Teenagers say that social networks are more positive than you think. this is why



CNN

Teenagers are entering the chat on social networks.

Adults are often stressed by the anxiety, self-esteem issues and social comparisons teens may encounter on social media, but a new study asks teens what they actually experience online and how they view it in their lives.

“One of the things that we really want to do with this broader work is bring teen voices into the debate,” said the report’s lead author, Monica Anderson, associate director for research in the Internet and technology team at Pew Research Center. “This paper really wants to shed light on the following: teens get positives from social media, but they also get negatives.”

researchers with the Pew Research Center surveyed 1,316 teens in the United States ages 13 to 17 from mid-April to early May. Young people were asked about their thoughts, feelings, and use of social media.

“When it comes to new and emerging technology, teens are often at the forefront of technology adoption,” Anderson said.

One theme from the survey results: Teens view their experience on social media as more positive than adults realize.

Only 27% said their experience is even worse than their parents think; the rest said it was correct or better, according to the survey.

It makes sense that adult perspectives are skewed, said Michelle Icard, a parenting educator and speaker and author of “Fourteen Talks at Fourteen: The Essential Conversations You Should Have With Your Kids Before They Start High School.”

“Taking out their negative social media experiences on parents is one way tweens and teens cope,” she said via email. “Often our children report what went wrong with their day, in person or online, but forget to come back and let us know when their problems are resolved or no longer painful. So parents worry a lot after kids have shrugged off something.”

Teens who responded to the survey said the good things they get from social media include feeling a connection and gaining support from a community.

Overall, 80% said social media gives them some level of connection to what’s going on in their friends’ lives, 71% said it’s a place where they can show their creativity, 67% said social media they reassure them that they have people to support them in difficult times, and 58% said it makes them feel more accepted, according to the survey.

Black and Hispanic teens were more likely than their white counterparts to report feeling more accepted because of social media, the data showed.

Especially during the pandemic, the children Icard worked with were grateful to be able to connect with each other, she said. And if she’s encouraged in the right way, Icard has seen social media as a good way to showcase talent and humor.

And teens tend to use it that way, the data showed. According to the survey, the top three things teens reported posting about were their achievements, their family, and their emotions.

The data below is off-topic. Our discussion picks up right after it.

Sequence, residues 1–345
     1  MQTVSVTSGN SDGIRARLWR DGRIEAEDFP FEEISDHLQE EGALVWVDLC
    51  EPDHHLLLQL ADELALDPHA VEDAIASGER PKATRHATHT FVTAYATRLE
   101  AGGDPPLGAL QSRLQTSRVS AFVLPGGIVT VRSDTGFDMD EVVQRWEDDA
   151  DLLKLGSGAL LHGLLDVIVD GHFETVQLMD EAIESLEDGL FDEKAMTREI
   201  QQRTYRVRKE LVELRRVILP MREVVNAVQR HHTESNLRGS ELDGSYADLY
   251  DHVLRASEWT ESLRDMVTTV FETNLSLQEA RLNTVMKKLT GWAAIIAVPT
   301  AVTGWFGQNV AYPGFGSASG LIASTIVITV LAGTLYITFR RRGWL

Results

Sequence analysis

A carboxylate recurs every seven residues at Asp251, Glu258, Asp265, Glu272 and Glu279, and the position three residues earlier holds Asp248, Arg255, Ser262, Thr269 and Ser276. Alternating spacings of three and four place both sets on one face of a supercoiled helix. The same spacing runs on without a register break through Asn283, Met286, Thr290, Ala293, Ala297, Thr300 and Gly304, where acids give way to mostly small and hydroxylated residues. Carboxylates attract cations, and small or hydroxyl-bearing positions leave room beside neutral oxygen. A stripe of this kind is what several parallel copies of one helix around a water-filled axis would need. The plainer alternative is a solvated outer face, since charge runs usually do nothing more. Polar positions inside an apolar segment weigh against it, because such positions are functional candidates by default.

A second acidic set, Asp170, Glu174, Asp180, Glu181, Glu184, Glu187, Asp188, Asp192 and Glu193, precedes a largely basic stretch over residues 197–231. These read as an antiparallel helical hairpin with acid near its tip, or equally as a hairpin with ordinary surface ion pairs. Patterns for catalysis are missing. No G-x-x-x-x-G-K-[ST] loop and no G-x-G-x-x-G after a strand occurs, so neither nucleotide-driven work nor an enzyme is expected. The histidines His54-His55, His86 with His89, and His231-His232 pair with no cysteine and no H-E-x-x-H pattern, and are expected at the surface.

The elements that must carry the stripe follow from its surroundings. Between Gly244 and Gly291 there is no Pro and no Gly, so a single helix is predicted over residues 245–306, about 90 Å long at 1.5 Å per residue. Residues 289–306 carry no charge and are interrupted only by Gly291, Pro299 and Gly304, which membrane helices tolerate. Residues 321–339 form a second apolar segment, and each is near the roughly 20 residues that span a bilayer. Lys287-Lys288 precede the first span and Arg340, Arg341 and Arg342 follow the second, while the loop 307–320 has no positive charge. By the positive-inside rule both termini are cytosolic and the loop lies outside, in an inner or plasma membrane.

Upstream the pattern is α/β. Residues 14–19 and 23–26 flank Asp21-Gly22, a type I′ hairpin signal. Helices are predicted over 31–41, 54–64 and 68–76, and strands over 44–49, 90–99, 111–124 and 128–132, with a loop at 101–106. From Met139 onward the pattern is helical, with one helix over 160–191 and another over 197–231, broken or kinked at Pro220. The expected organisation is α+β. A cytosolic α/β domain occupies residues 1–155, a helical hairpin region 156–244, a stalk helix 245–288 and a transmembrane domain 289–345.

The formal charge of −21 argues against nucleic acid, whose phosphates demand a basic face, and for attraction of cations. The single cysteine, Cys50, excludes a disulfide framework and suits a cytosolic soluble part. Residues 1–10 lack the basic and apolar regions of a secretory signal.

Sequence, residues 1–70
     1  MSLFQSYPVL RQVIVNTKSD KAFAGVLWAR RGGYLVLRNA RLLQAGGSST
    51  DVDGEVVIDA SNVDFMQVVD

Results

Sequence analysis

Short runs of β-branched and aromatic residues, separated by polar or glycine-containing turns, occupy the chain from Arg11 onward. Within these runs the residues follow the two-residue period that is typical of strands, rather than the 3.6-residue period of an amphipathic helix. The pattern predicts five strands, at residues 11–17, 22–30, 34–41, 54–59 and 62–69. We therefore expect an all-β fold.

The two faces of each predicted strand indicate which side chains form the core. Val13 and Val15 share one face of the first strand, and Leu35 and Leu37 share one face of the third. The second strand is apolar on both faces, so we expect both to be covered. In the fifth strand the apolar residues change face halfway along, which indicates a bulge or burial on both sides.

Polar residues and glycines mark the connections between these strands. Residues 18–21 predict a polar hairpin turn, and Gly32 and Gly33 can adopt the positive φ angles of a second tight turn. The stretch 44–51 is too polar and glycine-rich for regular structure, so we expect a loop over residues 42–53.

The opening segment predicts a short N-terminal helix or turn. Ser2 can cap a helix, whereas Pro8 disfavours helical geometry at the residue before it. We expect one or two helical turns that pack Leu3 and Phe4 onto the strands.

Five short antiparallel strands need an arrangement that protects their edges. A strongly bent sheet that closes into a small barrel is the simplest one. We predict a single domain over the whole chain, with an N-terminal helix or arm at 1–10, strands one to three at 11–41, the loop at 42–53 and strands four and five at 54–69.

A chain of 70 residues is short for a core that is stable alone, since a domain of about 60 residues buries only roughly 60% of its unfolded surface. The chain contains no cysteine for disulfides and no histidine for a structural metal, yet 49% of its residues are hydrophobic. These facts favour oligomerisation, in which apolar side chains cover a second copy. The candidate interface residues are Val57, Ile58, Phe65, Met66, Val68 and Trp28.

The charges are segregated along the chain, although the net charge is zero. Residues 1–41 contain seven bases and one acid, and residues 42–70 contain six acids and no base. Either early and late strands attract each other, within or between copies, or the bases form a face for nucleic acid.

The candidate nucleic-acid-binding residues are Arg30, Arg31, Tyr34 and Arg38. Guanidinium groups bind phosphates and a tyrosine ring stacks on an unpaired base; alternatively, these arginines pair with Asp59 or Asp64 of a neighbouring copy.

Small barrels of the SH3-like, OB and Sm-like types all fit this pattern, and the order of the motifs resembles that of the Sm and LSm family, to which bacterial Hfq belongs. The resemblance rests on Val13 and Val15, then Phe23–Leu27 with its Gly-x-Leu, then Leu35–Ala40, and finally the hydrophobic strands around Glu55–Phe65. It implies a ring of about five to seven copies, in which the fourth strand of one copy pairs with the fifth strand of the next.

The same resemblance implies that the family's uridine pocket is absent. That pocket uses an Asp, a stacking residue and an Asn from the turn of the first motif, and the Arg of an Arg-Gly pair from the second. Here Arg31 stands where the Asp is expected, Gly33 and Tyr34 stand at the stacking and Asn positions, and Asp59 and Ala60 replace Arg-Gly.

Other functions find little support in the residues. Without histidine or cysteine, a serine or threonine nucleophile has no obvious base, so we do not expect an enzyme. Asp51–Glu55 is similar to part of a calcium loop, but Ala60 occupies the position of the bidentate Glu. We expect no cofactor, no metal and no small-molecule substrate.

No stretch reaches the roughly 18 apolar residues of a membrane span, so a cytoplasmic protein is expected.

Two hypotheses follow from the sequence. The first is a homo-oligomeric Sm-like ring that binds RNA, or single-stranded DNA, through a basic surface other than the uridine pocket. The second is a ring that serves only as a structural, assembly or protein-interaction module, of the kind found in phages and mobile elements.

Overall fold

Survey participants were more likely to say that social media is mostly positive or neutral for them personally, but leaned in a more negative direction when it came to its impact on people their age, the survey found. .

“People can see a lot of benefits from technology and, in this case, from social media,” Anderson said, “but they’re much more likely to see the downsides when they look at social media as a whole.”

This survey can be useful for getting an overview of social media and teens, but there are still individual circumstances and drawbacks to consider, Icard said.

For example, girls ages 15 to 17 were more likely than any other age group to say they don’t post on social media because they’re worried about being embarrassed, the survey found.

And girls were more likely to report feeling overwhelmed by drama on social media than boys, according to the study.

But all groups recognized the drawbacks. Those who reported negative experiences mainly attributed them to screen time, mental health and the impact of online drama, according to the survey.

And 60% of all teens report that they feel little or no control over the data that social media companies collect from them.

“Social media is a tool, and as such, it’s not all good and not all bad,” Icard said.

“You know your child’s temperament, social life and experiences best,” she said by email. “Regardless of how most children report to themselves, your decision must first take into account your child’s unique situation.”

So how do you optimize the experience for you or your child?

Icard recommended a slow exposure, allowing kids to join one social media app at a time and only expand when they show enough responsibility to use them without hurting their sense of self.

“I also think parents should teach their kids about app etiquette and safety,” Icard said, “and they should monitor more at first, but then (decrease) over time.”

Have frequent conversations about what’s going on on these platforms. While it may grant more autonomy over time, “a child who isn’t willing to talk about her experience on the app might not be ready for one,” she added.

Don’t panic about having a teen on social media, as the experience comes with ups and downs like any other part of life, Icard said.

“But if parents notice that social media creates feelings that are harmful to their teen’s sense of self,” he added, “it would be appropriate to consult with a therapist who can help them with more positive self-talk and habits.”

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